Songwriters and Romancing Your Muse
[This transcript is excerpted from the Songwriters’ TeleSummit.]
Viv:Well, let’s get started on romancing the muse.
Gretchen: Ok, well, here’s my preface to that kind of fanciful title. I think that songwriting, writing lyrics in particular, and songwriting falls into that, is a peculiarly integrated process in terms of the right brain and the left-brain. I think that it really takes ability in both arenas to write a good song. There are, to me, in my mind, are two very distinct phases to writing. And the first phase is much more right brain. It’s much more intuitive. It’s that moment that we talk about when we feel like the song was coming through us or we have no memory of having the idea and it’s a wonderful process. The second part of the process is the hard work. And that’s the more linear left-brain process of editing. A process that Stephen King calls the “kill your darlings”, a phrase that I love, which basically means editing away even parts of a song that you love but you realize, through the knowledge of your craft, don’t fit. And romancing the muse, to me, is just another way of saying, encouraging, and nurturing that first phase of songwriting, which, so often, we tend to want to hurry along. We get a great idea and we tend to want to, quick, make it into a song and not allow enough time for that intuitive process to take place. And I think this is partly because the way we grow up. I think we all, as children in school, we’re rewarded for left-brain, linear, logical thinking. We grow up and we go to work and for most of us it’s the same thing. And, intuitive thinking, it’s more difficult to judge. In fact judgment really doesn’t even come into play because judgment is definitely a left-brain activity. The muse, I think, feels so elusive to people partly because we tend to want to lock it down. We get an idea and we want to make it stand, make it rhyme, make it fit into a song form. And all that is necessary but I think that one of the things that can really help people with writer’s block and just that fear of ‘Where will the next song come from?” is to learn how to keep the muse in the room. And by the muse, you may call her the muse, you may call it your subconscious, you may call it your artists voice, whatever your name for it is, it’s that elusive place from which the best lyrics and music, the best songs come, or at least, the ideas for the songs. So I think there’s a lot of advice out there for structure and sort of more linear ideas about how to write songs but there’s not a whole lot of information about enhancing and nourishing this first phase which is so, so important. So I want to talk about that and it’s sometimes a difficult thing to talk about because it is so intuitive and sometimes non-verbal. In fact, one of the reasons, I’m not a big co-writer and one of the reasons that I have trouble co-writing is that, for me, that first phase of songwriting is so non-verbal, it’s so visual, it’s so tied to the other senses that it’s very difficult for me to convey an idea that I have to a co-writer. If I get fixated on a word, say, a simple word, like a song I wrote years ago called “Let That Pony Run”. That song began with the word pony. And if I’d been sitting in a room with a co-writer and I said, “Well, I have this idea: pony” it wouldn’t have meant anything to anybody. So sometimes I think that’s what makes co-writing a challenge, at least for a writer like me. Everybody’s different.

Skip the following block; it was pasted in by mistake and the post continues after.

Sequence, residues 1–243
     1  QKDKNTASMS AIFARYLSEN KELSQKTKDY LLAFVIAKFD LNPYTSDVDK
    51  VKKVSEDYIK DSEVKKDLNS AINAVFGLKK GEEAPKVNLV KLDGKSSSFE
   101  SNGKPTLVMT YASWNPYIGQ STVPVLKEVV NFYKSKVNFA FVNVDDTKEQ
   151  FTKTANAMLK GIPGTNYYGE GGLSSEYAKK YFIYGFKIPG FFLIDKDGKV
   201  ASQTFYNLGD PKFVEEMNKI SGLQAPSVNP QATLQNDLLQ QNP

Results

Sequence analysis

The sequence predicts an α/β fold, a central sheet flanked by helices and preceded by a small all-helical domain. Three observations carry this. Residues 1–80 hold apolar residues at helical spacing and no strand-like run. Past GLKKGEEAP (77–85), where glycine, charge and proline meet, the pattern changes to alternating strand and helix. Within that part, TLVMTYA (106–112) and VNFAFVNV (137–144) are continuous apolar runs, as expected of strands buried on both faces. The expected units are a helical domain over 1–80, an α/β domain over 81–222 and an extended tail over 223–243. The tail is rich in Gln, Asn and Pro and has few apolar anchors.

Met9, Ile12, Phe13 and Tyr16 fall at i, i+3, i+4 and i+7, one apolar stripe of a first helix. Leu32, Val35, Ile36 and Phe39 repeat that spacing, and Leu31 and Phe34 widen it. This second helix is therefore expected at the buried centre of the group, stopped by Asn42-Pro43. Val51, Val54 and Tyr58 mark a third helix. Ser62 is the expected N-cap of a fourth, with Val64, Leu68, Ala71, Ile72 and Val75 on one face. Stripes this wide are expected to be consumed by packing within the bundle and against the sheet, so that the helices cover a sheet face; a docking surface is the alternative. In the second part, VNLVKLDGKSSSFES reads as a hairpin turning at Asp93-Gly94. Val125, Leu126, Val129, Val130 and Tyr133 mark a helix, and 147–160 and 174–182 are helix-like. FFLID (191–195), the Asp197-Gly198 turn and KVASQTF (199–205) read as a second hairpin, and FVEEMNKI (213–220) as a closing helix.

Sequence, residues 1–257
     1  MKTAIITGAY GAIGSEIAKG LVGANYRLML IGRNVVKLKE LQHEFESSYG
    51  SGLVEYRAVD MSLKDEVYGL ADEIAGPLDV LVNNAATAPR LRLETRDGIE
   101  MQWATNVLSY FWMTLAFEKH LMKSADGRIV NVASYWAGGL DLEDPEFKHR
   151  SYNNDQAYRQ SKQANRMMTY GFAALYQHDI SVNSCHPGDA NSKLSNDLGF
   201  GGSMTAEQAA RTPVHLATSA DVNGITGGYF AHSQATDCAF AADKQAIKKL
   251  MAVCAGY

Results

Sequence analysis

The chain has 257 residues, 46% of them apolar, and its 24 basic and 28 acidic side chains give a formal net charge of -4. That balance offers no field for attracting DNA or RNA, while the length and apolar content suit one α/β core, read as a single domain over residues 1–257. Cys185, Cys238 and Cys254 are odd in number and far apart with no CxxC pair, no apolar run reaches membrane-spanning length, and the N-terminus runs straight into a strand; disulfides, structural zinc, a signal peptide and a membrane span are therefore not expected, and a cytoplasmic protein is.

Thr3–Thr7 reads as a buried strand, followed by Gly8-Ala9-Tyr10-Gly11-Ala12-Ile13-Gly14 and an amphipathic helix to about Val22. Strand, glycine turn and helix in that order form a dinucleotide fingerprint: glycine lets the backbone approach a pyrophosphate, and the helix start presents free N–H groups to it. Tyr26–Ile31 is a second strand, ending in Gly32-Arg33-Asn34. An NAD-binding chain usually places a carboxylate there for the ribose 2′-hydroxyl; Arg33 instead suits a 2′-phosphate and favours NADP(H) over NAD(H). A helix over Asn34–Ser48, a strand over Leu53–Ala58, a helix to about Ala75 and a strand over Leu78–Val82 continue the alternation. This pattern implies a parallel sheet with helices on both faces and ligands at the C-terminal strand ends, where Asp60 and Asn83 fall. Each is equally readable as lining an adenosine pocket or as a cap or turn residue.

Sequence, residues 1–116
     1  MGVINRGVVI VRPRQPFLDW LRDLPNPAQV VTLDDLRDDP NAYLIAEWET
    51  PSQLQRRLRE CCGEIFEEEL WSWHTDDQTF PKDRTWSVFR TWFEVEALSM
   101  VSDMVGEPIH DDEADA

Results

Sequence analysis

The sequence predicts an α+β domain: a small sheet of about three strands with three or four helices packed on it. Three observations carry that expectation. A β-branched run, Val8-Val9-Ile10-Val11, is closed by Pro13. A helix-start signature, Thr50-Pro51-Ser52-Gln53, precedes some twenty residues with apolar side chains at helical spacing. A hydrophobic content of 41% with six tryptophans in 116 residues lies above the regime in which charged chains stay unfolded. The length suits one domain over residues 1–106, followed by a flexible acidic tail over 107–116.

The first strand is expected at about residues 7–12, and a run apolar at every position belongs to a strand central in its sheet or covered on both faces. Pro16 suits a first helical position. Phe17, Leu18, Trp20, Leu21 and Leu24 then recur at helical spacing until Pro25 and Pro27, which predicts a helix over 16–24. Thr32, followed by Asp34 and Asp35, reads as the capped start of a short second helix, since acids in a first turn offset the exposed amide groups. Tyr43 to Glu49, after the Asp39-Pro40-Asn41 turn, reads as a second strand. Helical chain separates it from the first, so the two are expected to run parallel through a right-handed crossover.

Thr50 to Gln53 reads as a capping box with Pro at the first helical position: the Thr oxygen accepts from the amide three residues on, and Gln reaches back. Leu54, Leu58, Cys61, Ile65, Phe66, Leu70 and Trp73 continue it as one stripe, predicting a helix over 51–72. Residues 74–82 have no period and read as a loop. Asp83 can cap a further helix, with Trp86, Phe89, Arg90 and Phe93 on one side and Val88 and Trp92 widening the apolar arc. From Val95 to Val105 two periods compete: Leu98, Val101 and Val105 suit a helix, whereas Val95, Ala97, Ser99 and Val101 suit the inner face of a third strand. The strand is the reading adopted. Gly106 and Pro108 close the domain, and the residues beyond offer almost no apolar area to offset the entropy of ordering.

Look At Your Writing From The Side Of The Star